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ˆ be used in order to calculate the amplitude functions q. An analogous conclusion may be drawn by inspection of the centre modes pertaining to flow in the square duct, a typical example of which at Re = 4000, β = 1 having an eigenvalue ω = (0.959, −0.041) is presented in figure 3. A further point worthy of discussion here is that knowledge of the spatial structure of the two-dimensional linear eigenmodes limits the possibility of confusing such global coherent structures with nonlinear flow behaviour. This point may be strengthened by viewing isosurfaces of the magnitude of the disturbance vorticity pertaining to the results presented, which are presented in figures 4 and 5; arbitrary scales have been used for the present linear results. Needless to say, such structures manifest themselves as global flowfield oscillations without any evidence of travelling wave-like behaviour. Figure 4. Isosurface of the disturbance vorticity magnitude of the neutral wall mode pertaining to flow in an A = 6 duct at Re = 7500, β = 1.

Figure 5. Isosurface of the disturbance vorticity magnitude of a decaying centre mode pertaining to flow in a square duct at Re = 4000, β = 1.

bances. However, the most striking feature of the results is the pronounced wall-effects which are inaccessible to the one-dimensional theory. Elaborating on the last point, we mention that the scope of application of the traditional approach of transversing hot-wire probes through the flowfield in order for global two-dimensional linear eigenfunctions of the form presented in the results of figure 2 to be recovered is very limited indeed. In order for such results to be recovered reliably the experimental approach used must be based on global field measurements, capable of recording the flowfield simultaneously at several different times; the decomposition (1)–(2) may then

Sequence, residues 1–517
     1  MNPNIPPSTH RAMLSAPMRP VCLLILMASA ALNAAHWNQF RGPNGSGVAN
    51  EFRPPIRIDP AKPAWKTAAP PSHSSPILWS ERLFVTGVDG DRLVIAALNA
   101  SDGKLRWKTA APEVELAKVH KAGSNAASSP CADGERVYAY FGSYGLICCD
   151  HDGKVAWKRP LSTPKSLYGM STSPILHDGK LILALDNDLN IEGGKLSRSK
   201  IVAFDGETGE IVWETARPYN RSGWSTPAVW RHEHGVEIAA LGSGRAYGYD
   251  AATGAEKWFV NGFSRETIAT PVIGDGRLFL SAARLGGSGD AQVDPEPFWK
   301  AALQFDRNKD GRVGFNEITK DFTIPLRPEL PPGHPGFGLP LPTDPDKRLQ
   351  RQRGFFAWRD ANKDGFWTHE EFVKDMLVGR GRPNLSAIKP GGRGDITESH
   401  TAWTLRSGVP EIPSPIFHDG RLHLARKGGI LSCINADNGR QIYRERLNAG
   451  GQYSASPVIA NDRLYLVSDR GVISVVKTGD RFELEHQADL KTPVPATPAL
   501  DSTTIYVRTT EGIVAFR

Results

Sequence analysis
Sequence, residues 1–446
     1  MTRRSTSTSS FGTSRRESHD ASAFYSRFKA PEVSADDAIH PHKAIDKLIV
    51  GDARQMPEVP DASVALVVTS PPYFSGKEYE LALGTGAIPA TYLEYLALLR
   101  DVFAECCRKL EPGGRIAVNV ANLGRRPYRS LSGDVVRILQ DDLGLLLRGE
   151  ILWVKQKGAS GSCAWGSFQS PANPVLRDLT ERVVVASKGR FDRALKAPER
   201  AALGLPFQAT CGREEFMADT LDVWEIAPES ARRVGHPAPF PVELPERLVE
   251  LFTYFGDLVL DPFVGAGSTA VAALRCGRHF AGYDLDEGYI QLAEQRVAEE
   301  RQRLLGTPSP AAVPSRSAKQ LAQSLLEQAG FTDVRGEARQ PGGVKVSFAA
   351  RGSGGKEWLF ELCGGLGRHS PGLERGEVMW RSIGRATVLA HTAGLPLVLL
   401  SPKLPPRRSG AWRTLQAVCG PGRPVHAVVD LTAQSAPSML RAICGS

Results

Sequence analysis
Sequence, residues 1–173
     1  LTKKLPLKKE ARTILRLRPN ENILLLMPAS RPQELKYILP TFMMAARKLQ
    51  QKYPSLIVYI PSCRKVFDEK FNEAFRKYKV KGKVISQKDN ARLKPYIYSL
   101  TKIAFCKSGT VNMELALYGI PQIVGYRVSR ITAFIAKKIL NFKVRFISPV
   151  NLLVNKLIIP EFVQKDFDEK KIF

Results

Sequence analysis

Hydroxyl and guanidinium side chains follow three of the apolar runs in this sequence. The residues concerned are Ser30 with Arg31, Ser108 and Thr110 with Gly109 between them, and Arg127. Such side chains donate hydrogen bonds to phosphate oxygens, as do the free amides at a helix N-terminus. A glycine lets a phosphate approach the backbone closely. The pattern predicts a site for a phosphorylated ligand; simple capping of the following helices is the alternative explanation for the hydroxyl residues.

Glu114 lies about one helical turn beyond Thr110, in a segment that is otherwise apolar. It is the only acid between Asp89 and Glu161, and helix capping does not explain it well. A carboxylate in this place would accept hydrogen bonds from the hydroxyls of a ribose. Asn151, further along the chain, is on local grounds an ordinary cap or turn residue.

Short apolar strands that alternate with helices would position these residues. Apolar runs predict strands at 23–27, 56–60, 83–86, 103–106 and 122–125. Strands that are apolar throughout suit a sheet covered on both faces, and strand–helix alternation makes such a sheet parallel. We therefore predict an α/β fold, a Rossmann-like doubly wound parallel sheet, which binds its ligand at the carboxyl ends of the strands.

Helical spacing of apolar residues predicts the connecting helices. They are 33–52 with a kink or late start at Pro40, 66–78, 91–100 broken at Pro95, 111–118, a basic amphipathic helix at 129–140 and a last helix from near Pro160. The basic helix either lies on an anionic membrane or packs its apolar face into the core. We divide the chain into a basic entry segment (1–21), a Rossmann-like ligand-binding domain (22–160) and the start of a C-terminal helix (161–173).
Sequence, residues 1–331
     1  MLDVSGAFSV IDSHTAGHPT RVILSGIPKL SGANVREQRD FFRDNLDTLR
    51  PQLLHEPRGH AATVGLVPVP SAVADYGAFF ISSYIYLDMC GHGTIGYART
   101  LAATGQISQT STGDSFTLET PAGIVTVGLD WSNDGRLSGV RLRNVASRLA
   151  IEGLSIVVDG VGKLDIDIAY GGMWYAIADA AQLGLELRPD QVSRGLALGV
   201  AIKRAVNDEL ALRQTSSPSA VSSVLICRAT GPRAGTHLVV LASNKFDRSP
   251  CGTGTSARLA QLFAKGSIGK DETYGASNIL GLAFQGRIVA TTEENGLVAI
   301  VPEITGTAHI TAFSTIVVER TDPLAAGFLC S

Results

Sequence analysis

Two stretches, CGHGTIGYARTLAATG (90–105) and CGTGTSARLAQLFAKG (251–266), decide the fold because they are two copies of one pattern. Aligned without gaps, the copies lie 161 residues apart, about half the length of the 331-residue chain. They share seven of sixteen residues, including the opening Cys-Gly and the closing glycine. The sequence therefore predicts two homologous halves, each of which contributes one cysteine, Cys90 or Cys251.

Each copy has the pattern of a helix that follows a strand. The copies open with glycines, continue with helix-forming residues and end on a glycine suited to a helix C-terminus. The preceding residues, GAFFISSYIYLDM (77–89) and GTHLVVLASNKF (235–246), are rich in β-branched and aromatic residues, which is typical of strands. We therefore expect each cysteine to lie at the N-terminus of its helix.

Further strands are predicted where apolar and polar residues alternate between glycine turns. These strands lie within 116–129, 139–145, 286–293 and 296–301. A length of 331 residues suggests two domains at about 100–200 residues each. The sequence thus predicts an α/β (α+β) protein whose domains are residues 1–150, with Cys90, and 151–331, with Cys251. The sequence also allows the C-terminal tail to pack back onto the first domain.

3.2. The lid-driven cavity Another closed-system flow problem in which linear instability analysis may only be performed in the present nonparallel linear analysis framework is that of a flow developing in the square lid-driven cavity. Here no simplifications exist which may reduce the instability analysis to a (one-dimensional) ordinary-differential-equation-based eigenvalue problem and one has to resort to the twodimensional partial-derivative eigenvalue problem or, alternatively, to direct numerical simulation [12]. Short of following the latter path, which is not well-suited for parametric studies and in which different instability mechanisms might be confused, we solve the eigenvalue problem (3)–(6) at given real parameters β in order to recover the frequency ωr and the growth/damping rate ωi of the respective eigenmode. Alongside, we recover the spatial structure of the eigenfunctions pertaining to each mode. In line with the spirit of the present contribution we refrain from discussing either numerical aspects or the open issue of the critical Reynolds number in this flow [4,19] and concentrate on the qualitative discussion of the spatial structure of the eigenfunctions and of the flowfield which is set up by linear superposition of the two most unstable three-dimensional (β 6= 0) eigenmodes upon the steady basic flow. The aim here is to demonstrate that a) linear mechanisms are indeed at play in the nonparallel laminar steady basic flow which b) have nothing to do with the classic wave-like structures encompassed in Tollmien’s theory. Figure 6 (left) shows a perspective view of the spatial distribution of the least-stable stationary eigenmode at a low Reynolds number, Re = 100 and a wavenumber β = 1. In figure 6 (right) the next in significance travelling eigenmode is presented. In all plots the lower left corner of the domain corresponds to that of the cavity and the origin of the axes (0, 0), with the lid defined at x ∈ [0, 1], y = 1; the upper row shows the real parts of the eigendisturbances, the lower row the corresponding imaginary parts, and the first to fourth column contains